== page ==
Cowboys & Aliens is the latest offering from Iron-man director John Favreu and Dreamworks 3rd try at a comic-book inspired movie. This was one of the summer movies that I wasn’t really anticipating even though I liked the source material (Cowboys & Aliens comic from 2006) but the casting for this film was top notch so I decided to give it a go.
Archive for the ‘movies’ Category
Tags: Aliens, Cowboys, Daniel Craig, Harrison Ford, Movie, Olivia Wilde, Review
After the disaster that was Tim Burton & Mark Wahlberg’s reboot of Planet of the Apes, I told myself to just abandon all hope that the franchise could ever do better than the original film. And so when I heard about Rise of the Planet of the Apes I had no intention of learning more about it but I knew I was gonna watch it anyway but with the same level of interest as when I watch B-rated horror movies (not a lot). But for clarification, this movie is actually not a reboot, nor is it a prequel rather it’s something of a unique take on the series; it’s actually a pre-boot. See, they’re starting over but with an alternate reality different from the timeline of the original film. This is kind of the same technique that they did with Star Trek and that turned out to be a really good choice so hopefully it works for Apes as well.
I’ve had mixed feelings about this film for a few months now. On one hand I’m so happy that there’s gonna be a capt america movie and that it actually ties in to the avengers movie for next year and on the other hand I’m scared because I didn’t think Cap would translate well to the big screen plus I hated the fact that they had to kill of Bucky again just so the comics would tie-in well with the release of the film. But Thor has proven me wrong in that even the hardest superheroes to write for can still be brought to the big screen in an awesome manner.
Tags: Harry Potter, movies, reviews
First of all, let’s just take a moment to soak in the bad-assery of Harry Potter series. This is like our generation’s Star Wars (esp since I refuse to recognize the existense of Star Wars I-III) and it’s really an awesome kid’s book series, so awesome in fact that even us adults have become fans of it as well.
Having said that I think there’s one big circlejerk going on when it comes to reacting to or reviewing the last installment of the Harry Potter series. Everyone seems to be saying it’s a very good film but how much of our feelings/reviews are being swayed to the positive side of things because of nostalgia or because of the fact that this will be the last Harry Potter movie ever?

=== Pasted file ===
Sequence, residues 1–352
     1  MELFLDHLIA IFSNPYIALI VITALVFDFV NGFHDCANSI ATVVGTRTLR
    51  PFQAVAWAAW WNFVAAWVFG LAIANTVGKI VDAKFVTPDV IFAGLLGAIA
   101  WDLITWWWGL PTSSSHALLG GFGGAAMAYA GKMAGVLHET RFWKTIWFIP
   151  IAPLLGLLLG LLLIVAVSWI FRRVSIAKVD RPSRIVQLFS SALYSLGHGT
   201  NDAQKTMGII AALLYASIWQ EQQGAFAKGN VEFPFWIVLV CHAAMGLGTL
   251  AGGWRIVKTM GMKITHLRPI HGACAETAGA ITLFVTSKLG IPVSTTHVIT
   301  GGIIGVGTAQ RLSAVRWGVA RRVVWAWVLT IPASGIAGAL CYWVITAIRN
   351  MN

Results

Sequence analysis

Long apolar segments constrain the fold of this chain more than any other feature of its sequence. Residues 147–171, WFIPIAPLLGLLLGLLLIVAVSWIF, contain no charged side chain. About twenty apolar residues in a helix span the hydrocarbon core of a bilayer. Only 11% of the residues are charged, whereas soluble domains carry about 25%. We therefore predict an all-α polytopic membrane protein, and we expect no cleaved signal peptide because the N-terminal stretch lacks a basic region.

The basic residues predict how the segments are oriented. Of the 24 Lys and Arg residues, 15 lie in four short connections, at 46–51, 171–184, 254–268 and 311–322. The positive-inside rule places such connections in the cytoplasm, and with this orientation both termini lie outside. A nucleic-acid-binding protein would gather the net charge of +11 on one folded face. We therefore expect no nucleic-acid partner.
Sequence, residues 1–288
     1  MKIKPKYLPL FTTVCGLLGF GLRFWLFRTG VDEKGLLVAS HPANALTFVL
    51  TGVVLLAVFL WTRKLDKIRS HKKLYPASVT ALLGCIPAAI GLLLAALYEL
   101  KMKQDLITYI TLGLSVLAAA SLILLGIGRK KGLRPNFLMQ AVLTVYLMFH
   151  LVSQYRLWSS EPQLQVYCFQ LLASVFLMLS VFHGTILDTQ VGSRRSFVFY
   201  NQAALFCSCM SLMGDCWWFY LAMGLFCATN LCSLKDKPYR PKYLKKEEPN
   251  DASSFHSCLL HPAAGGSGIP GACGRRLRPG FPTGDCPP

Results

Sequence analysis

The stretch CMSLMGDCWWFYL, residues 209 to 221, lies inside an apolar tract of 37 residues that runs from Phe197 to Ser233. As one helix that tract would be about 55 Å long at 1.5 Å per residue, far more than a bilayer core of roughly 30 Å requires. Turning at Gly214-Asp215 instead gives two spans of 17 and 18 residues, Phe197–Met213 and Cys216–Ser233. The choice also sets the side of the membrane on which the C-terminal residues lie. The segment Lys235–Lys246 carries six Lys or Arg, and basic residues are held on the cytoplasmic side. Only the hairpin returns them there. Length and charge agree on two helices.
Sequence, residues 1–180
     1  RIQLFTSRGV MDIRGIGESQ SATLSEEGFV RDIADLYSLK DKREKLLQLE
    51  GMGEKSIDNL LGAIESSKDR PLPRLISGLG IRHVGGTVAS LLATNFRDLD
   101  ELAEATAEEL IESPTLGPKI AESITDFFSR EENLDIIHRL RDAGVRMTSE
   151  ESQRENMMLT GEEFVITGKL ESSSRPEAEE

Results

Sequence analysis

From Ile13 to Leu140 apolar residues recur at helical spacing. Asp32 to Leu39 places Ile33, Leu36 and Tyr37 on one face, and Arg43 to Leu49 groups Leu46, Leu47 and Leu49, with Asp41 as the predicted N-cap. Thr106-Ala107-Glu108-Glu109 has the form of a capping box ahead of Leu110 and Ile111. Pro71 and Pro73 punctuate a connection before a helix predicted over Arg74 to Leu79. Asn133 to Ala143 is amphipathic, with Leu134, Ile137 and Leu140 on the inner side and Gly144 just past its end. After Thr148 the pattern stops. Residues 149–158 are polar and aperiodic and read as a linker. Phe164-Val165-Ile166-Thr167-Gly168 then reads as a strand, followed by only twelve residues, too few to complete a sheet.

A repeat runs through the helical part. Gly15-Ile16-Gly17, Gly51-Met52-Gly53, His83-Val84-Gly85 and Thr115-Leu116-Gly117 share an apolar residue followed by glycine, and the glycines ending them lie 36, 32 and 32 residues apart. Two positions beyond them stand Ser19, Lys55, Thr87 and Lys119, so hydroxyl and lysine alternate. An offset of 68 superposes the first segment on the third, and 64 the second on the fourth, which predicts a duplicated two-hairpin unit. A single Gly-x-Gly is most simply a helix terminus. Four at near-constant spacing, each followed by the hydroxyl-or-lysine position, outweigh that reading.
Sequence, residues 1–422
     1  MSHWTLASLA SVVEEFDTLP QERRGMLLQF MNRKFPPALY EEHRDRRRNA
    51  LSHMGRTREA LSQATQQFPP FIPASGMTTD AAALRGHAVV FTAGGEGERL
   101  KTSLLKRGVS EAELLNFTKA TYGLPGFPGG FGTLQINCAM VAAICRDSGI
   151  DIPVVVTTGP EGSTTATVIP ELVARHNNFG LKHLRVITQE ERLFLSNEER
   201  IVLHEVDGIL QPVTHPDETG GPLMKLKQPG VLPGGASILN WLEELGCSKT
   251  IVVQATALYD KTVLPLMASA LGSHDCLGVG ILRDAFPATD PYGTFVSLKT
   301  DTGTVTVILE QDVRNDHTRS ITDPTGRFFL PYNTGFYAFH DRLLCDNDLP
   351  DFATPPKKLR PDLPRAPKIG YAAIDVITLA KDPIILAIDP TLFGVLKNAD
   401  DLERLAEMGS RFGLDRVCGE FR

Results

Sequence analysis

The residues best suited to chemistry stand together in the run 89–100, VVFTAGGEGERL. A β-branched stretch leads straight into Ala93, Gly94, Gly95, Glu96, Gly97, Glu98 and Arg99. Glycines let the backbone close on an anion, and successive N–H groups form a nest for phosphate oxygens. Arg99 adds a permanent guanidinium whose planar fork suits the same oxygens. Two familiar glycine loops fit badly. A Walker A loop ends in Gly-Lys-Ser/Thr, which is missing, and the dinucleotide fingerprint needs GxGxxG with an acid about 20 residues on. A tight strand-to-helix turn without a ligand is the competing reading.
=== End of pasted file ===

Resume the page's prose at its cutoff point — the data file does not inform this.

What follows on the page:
If you stop and analyze or try to understand what’s going on in transformers 3 while you’re watching it then you won’t like this film. The pacing is as bad as Green Lantern and what’s worse is that the film tries so hard to be funny during the 1st and 2nd act but it keeps failing miserably. This movie is nearly 3 hours long even though it could easily trim 20-30 minutes of useless scenes (i.e. the interview with Fox news). One of the things I hated in Transformers 2 was the scene where all the autobots were all racing to meet with the decepticons and the next scene optimus prime ended up all alone vs the bad guys. It didn’t make sense and it was a lousy shortcut to create suspense and make the odds stack against the good guys. Transformers 3 did it twice this time.. there was a horrible jumpcut wherein they never showed the alien ships reaching earth, after 2 seconds of screentime they just appeared out of nowhere! And also during the 3rd act the autobots were valiantly fighting off the bad guys and then the next scene they were all suddenly captured, WTF?!
There’s been quite a few movies based on Nicholas Sparks novels, Message in a bottle (1999), A Walk to Remember (2002), The Notebook (2004) and Nights in Rodanthe (2008). I’ve watched all these movies except Message in a bottle; The Notebook is still one of my favorite ‘chick-flicks’ and even Nights in Rodanthe wasn’t that bad. The latest film to draw inspiration from Nicholas Sparks’ books is Dear John, this time the lead role goes to Channing Tatum who plays an army fellow and the leading lady is Amanda Seyfried who plays a girl named Savannah.
I usually try to be light on the spoilers during my reviews but this time I’m going to spoil as many details as possible. The thing is, if you’re in a relationship you’re probably going to be forced to watch this film anyway so I’m just making sure you know what you’re getting your self into.